‘I want this gone’: rider and horse whose lives were both changed by brain tumours take on marathon challenge

  • A horse and rider whose lives were both changed for ever by brain tumours are taking on a marathon challenge to help find a cure.

    Jenny Jones and Bertie, a four-year-old Shire/warmblood gelding, are to complete the Brain Tumour Research challenge of “jogging” 26.2 miles in May to raise funds.

    Jenny Jones’s son Calum was 19 when he was diagnosed with the condition in 2013. Jenny had already decided to take on the challenge when she found out that Bertie’s previous owner, who was also his breeder, had died owing to a brain tumour.

    Jenny told H&H Bertie was taken in by Rose McRae Equine Services in Monmuthshire and is on permanent loan to her.

    “I didn’t know what had happened until I told them about this challenge and they couldn’t believe it,” she said. “It’s too much of a coincidence.”

    Calum was diagnosed with a grade 1 glioma in January 2013 while he was studying motor mechanics at Brecon Beacons College.

    Jenny, who has worked in nursing for 39 years, said: “Being in the healthcare profession helped me understand Calum’s diagnosis but it didn’t make it any easier to accept. It’s a tricky balance trying to remain his mum, but also knowing the medical side of things too.”

    Jenny said Calum, now 28, has undergone surgery twice but owing to its location, the tumour is inoperable.

    “His tumour is a low grade but it’s still there,” she said. “After his diagnosis, Calum suffered from low mood and on his 25th birthday he had three grand mal seizures. From that point, something in him changed and he decided to go back to college; his outlook became much more positive.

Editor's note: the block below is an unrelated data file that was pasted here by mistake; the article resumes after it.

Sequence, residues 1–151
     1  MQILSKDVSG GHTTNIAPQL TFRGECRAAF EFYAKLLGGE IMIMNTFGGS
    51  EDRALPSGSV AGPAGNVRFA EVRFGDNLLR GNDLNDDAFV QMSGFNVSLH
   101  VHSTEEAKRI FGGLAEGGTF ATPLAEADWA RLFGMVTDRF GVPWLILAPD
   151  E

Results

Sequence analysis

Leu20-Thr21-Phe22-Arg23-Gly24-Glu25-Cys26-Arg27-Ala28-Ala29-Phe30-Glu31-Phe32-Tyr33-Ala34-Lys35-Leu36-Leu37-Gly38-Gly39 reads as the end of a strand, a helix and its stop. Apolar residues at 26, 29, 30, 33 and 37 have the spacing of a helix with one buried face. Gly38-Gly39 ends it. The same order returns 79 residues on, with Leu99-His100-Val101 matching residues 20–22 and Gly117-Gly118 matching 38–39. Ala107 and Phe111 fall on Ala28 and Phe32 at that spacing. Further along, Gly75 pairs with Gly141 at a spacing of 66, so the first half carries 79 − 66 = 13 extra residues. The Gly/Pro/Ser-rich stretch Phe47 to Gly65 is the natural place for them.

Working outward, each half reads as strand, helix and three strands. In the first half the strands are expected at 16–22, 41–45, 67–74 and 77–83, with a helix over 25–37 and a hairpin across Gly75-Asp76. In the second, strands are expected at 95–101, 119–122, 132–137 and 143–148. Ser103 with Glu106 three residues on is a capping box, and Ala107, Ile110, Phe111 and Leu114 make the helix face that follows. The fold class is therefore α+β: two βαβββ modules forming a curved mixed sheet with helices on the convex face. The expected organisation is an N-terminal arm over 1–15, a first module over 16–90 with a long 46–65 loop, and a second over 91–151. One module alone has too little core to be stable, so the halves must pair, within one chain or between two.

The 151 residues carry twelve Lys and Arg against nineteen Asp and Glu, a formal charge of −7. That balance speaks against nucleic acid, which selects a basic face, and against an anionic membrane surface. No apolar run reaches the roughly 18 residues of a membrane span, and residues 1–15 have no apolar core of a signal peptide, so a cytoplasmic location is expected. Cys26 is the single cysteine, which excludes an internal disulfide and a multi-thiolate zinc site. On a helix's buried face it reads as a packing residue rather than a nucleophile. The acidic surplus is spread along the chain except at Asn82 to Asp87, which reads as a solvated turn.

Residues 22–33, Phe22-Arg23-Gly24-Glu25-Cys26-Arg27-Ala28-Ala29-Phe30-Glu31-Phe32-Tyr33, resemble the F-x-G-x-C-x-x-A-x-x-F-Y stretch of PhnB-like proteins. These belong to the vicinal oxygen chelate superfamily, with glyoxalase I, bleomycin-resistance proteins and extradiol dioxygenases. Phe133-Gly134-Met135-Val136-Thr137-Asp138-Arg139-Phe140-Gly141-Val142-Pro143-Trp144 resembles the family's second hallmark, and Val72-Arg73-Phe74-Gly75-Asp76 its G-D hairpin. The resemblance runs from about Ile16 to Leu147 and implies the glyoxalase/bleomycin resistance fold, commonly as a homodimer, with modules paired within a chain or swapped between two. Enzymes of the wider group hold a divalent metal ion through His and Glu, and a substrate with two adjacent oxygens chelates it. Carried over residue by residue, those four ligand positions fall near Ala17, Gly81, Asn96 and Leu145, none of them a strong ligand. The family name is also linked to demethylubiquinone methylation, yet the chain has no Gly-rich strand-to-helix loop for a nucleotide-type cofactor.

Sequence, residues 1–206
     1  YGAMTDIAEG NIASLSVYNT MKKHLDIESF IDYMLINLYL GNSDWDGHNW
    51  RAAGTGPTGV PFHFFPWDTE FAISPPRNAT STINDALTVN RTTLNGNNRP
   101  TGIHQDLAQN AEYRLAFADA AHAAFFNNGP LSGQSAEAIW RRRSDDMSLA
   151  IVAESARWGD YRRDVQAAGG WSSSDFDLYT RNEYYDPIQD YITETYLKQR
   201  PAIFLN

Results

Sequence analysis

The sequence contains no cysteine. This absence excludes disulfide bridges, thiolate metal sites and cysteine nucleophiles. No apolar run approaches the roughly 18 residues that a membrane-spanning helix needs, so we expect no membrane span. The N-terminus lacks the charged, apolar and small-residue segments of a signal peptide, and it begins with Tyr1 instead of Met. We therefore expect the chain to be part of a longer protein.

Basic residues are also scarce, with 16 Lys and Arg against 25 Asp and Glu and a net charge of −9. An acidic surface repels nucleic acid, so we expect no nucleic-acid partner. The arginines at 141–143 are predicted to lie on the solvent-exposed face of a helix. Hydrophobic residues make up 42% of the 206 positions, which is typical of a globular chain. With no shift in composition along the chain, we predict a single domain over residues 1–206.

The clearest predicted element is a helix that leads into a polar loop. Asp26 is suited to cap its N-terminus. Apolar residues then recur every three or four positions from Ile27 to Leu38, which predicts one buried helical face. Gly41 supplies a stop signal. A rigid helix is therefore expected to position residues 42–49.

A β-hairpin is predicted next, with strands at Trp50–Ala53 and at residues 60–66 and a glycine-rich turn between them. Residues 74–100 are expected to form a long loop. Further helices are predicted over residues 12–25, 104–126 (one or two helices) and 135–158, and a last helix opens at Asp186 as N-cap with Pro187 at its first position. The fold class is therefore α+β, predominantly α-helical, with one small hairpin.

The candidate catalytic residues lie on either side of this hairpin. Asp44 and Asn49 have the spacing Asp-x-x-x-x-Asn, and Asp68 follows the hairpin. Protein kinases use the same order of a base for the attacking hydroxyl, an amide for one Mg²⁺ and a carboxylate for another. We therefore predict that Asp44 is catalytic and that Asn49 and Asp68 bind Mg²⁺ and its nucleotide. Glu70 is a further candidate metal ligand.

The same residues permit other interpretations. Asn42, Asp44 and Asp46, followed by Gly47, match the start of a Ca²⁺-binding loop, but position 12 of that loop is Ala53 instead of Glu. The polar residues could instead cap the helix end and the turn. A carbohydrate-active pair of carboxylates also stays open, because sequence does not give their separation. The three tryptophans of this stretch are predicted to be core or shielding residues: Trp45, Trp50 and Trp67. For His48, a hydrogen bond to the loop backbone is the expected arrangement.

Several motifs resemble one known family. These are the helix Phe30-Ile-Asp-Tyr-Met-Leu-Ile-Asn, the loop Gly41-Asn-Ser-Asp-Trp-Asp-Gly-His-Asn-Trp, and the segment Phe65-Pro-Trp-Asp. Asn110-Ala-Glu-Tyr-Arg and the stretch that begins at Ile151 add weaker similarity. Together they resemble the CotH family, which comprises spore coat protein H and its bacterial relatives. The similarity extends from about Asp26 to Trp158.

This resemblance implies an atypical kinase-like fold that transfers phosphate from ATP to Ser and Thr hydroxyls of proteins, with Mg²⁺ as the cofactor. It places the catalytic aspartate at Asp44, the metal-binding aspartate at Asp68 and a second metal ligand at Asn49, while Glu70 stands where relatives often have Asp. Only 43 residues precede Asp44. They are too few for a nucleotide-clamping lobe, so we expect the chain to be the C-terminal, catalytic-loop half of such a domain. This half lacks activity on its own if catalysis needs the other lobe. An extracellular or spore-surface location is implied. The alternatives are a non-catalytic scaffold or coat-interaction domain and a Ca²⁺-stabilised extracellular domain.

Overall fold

“He struggled through, finished his motor mechanics course and then stayed on at college. He’s just finishing his first year in an engineering degree at university and I’m so, so proud of him.”

    Jenny has already completed a 10km run in aid of Brain Tumour Research.

    Donate on her online page

    “I want this thing gone,” she said. “I know there are so many things out there and there are the big things like breast and prostate cancer, and this doesn’t really come on to people’s radar, understandably. To me, it’s personal. Calum’s tumour could change to a grade three or four at any time, and the more money raised, the more they can research into getting rid of it.”

    Bertie, who was born in June 2018, is 17hh. He has been started but Jenny is to walk the 26.2 miles with him on foot, leading or long-reining.

    “I’m taking things very slowly with him as he’s so big so I thought we could do it together,” she said. “He’s such a dude. He’d hardly been handled when I first saw him  and he’s had some issues, but he’s a really nice person and will be a lovely, lovely horse.

    “Calum’s a bit ‘Oh Mum’, about the challenge but I think he’s secretly pleased. I think he feels a bit cheated out of some of the formative parts of his life, and he’s got this for the rest of his life. He’s been knocked down and got up again, he’s done incredibly well but he’s still got this thing. I’m doing this to raise money for research and maybe one day there will be a machine that can zap it or something. You’ve got to give it a go.”

    Calum now has three-yearly MRI scans to monitor the tumour and his last scan in October showed it is stable.

    Mel Tiley, community development manager at Brain Tumour Research, said: “Calum’s story is a stark reminder of how indiscriminate brain tumours are, affecting anyone at any age, yet historically just 1% of the national spend on cancer research has been allocated to this devastating disease. We’re determined to change this and are so grateful for the support of people like Jenny whose fundraising efforts enable us to continue funding vital research and to, ultimately, find a cure.”

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